Sketches of San Francisco: The cruise
‘He doesn’t look like he’s ever missed a meal, and I bet you he drives a Cadillac, but did you check that half-assed toupee he wears?’
‘Fortunately, there’s very few around like me — monastic Luddites who buy nothing but the bare essentials.’
Sketches of San Francisco
By Talmadge Jarratee
Zelda managed to drag me to Fisherman’s Wharf, where she talked me into taking a cruise in the bay. We had an hour to waste before our boat embarked, so Zelda got to shop at the tables set up by individual street vendors along the promenade at the wharf. Jewelry and sunglasses and accessories. T-shirts and sweatshirts and ballcaps. Photos and watercolors of San Francisco landmarks like the Golden Gate bridge, Colt Tower, the Palace of Fine Arts, etc. These tables are run by mostly Asians, old hippies, and scabrous New York City escapees.
After briefly observing some street entertainers—break dancers, pantomimists, sax tooters—all drawing lively crowds, we lingered at a table manned by a vendor in a baggy silk shirt. He was so heavy as to have breasts, and swarthy with darting, slyly appraising eyes, yet he feigned a nonchalance about selling anything, as if he could care less if Zelda was interested in his brass jewelry. From askance, though, he sized her up as she tried on a shiny bracelet. A wise shopper, she knows quality, has slender arms and wrists envied by most women. The vendor did in fact remark that the bracelet looked good on her tanned wrist. As he showed her another bracelet, I asked: “You from New York?”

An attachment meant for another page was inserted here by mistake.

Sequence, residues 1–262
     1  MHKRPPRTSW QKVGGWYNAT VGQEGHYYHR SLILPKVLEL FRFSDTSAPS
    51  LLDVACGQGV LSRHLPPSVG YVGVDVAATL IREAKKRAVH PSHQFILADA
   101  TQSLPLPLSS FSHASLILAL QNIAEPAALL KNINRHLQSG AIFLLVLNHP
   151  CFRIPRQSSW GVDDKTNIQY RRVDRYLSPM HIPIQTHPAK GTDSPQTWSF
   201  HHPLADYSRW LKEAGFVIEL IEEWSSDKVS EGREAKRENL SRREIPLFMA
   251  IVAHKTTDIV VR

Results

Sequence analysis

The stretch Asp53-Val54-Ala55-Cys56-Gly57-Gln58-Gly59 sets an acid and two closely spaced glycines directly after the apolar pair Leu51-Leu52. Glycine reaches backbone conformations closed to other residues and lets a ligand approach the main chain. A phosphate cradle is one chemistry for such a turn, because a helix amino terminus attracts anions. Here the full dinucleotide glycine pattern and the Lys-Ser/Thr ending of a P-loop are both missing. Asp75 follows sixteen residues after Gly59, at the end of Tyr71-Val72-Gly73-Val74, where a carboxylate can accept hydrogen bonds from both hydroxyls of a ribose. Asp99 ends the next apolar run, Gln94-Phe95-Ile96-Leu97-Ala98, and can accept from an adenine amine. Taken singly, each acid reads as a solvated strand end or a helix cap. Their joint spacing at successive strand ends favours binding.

“The city, yeah,” he said, eyeing me up, sensing instantly I was not going to buy anything. Having been in the Army, and vacationed in the Big Apple, I was aware of certain traits of New Yorkers: Brooklyn, Manhattan, Long Island, Staten Island, the Bronx, Queens; they were all slightly different in accents and gestures. There was something about the way a Bronx street guy took out his money clip and paid for something.
“Lower eastside?” I asked.
He stiffened. “Born and raised. You from there?”
“Naw. But I been there.”
Zelda always frowned and sighed in exasperation when I started conversations with strangers. I informed him I’d been down to the huge bazaars on the lower eastside and bought a red pimp hat during my week of wandering the city, eating and boozing from noon until the bars closed at four in the morning. This dude wore a bracelet, chain around his neck, a beautiful watch, and three rings. He finally asked me if I saw anything I was interested in buying.
“Nah. I don’t buy stuff I don’t need, I’m a monastic Luddite.”
“If everybody’s like yoose, the world ends. Everybody starves.”
“You’re right about that. Fortunately, there’s very few around like me—monastic Luddites who buy nothing but the bare essentials.”
“You should treat yourself once in a while, my fellow New Yawkah. It’s good to have something nice.”